Last Halloween my daughter wanted to be a vampire bat, as you do...
Here she is, pointing backwards at a rose bush (yes, awkward pose but I didn't manage to get many photos before she and her friends were off door knocking):
This costume was heavily improvised. There was a costume online that my daughter wanted, but it was (a) expensive, (b) trashy and (c) too warm for our climate. Oh and it was shipping from America, so probably wouldn't have got to us in time.
So we discussed the key elements (stretchy black dress, silky wings, furry hood with ears, holey stockings) and I sketched out the costume to check we were on the same page (yes!), then whipped up a very quick long-sleeved t-shirt dress using a t-shirt pattern that I knew fit well, Burda 9439:
This is a short-sleeved t-shirt pattern, but with a couple of length measurements it's very easily turned into a long-sleeved t-shirt dress. Anyway, the fit was good, but the grey/black jersey I'd used looked vaguely trendy instead of spooky, so we called version 1 a new dress... and dug out a second piece of stash fabric, a remnant of black jersey (not quite enough for the dress, hence the seam at hip level).
This time around I paused after sewing the shoulder seam and attaching the sleeves (in the flat) so I could make some wings to sew into the side seams of the dress. The only fabric I could find in my stash that looked and felt right for wings was a length of beautiful silk jersey I'd picked up a Tessuti remnant sale a long time ago. In the interests of reusability (I want that fabric back one day!!) I decided to simply cut it in half, so that each wing is simply a long rectangle, long enough to stretch from skirt hemline to wrist.
I hope the next photo explains that a bit better:
Not hemmed, not ironed but perfectly acceptable for a kid's costume!
This "design" means there is a lot of scope for arm movement and bat-like fluttering - and my daughter can extend her arms above her head without the wings moving the dress up. The luscious wing fabric makes the costume very popular, and the outfit has had a lot of wears over the past year. It went to a Halloween disco on Friday night and is going out again on Monday evening, and now fits a lot better than it did last year, so I guess it's been a successful costume...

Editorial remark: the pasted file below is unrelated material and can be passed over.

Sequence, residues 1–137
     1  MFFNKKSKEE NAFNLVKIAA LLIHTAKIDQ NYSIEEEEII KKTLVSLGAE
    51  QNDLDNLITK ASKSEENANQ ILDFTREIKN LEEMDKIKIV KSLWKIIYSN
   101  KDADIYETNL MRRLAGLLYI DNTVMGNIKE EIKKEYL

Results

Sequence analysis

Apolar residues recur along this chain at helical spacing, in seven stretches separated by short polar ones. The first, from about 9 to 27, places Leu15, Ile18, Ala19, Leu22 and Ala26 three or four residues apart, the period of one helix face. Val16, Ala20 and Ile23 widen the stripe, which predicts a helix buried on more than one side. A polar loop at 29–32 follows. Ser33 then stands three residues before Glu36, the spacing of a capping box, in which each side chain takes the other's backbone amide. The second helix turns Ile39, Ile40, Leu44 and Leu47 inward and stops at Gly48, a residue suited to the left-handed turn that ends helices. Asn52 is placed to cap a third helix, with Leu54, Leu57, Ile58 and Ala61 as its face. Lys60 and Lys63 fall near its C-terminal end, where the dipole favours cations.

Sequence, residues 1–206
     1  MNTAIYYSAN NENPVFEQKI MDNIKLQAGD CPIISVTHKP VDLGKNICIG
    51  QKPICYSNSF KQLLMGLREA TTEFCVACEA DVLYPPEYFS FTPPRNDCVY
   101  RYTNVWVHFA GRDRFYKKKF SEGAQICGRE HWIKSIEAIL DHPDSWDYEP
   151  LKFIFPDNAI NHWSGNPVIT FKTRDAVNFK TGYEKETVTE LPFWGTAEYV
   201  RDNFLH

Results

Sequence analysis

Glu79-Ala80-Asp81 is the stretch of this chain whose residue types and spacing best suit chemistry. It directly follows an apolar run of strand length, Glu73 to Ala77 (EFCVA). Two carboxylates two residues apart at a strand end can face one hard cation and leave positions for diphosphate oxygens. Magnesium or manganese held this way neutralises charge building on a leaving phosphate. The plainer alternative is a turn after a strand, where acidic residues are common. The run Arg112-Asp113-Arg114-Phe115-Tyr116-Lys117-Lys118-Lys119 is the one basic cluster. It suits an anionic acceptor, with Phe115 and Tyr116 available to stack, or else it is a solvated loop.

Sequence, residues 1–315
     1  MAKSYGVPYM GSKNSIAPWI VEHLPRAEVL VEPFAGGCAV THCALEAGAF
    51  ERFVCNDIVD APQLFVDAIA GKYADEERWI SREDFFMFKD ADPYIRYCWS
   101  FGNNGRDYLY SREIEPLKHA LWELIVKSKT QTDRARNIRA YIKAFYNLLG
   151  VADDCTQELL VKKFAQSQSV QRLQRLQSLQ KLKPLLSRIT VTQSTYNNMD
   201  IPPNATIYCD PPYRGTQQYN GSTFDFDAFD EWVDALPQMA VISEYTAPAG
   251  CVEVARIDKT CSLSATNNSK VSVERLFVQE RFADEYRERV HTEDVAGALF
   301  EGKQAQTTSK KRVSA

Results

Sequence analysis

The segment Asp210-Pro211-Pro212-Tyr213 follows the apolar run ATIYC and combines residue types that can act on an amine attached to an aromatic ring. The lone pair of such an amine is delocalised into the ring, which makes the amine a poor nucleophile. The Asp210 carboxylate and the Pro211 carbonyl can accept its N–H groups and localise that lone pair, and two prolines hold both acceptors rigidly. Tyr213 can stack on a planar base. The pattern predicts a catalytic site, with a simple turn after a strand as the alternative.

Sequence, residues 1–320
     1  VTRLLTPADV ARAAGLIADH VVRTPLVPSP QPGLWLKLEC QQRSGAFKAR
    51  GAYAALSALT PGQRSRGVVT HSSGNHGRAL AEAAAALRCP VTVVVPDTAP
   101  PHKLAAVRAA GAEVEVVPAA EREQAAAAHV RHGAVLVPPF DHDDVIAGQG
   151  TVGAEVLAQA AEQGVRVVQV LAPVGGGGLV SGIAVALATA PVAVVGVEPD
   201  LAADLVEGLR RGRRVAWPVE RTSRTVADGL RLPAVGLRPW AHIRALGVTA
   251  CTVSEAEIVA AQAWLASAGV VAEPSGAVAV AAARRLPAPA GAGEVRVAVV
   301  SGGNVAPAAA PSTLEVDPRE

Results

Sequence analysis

Oh I nearly forgot - the hood! I actually love the hood, because it reminds me of the movie version of Where the Wild Things Are - I kind of want a giant furry hoodie for myself :).
For this part of the outfit I started with Butterick 6695, a little kids animal onesie pattern I used years ago for my son (not blogged). I didn't want the hood to come all the way around the neck the way the hood in the animal onesie does, so I studied a couple of Simplicity costumes (5512 and 5840) to confirm the shape for a simpler hoodie.
And none of the standard ear shapes on Butterick 6695 looked particularly bat like, so I drew up my own ear pattern: a smaller inner piece with a fold in the middle, and a larger enfolding outer piece (much easier to do than that probably sounds). Here's the hood in close-up - the ear details get lost in all that fur though:
You can probably see in the above that the fur is just on the outside of the hood - the "lining" is matt black technical fabric left over from a dress I made ages ago. (The fake fur is left over from a mouse costume made for my son when he was in childcare). The hood "lining" is sewn to the neckline of the dress because I thought the weight of the fake fur and ears would make the outer fake fur hang fall nicely over the neckline, but in fact it all tends to tip forwards. Which is not a problem, because it's comfortable on, and my daughter loves it.
Here's a back view of the hood taken last year - this year I'm afraid the fake fur is tipped further forward as it accounts for a bit more growth...
And since I was sewing a costume and playing around with all the black remnants, my son got a "test" hoodie to wear with his costume cape and staff. This one is a very simple pointy hood, and my recollection is that I made it just by sewing up 2 adjoining sides of a rectangle, then sewing a deep hem around the face.
This year the vampire bat is being resurrected, but my son is going to be a dead person, complete with fake knife wound - very gory but no sewing is required.
I'll leave you with one more photo of the vampire bat's fluttering wings:
See you soon
- Gabrielle xx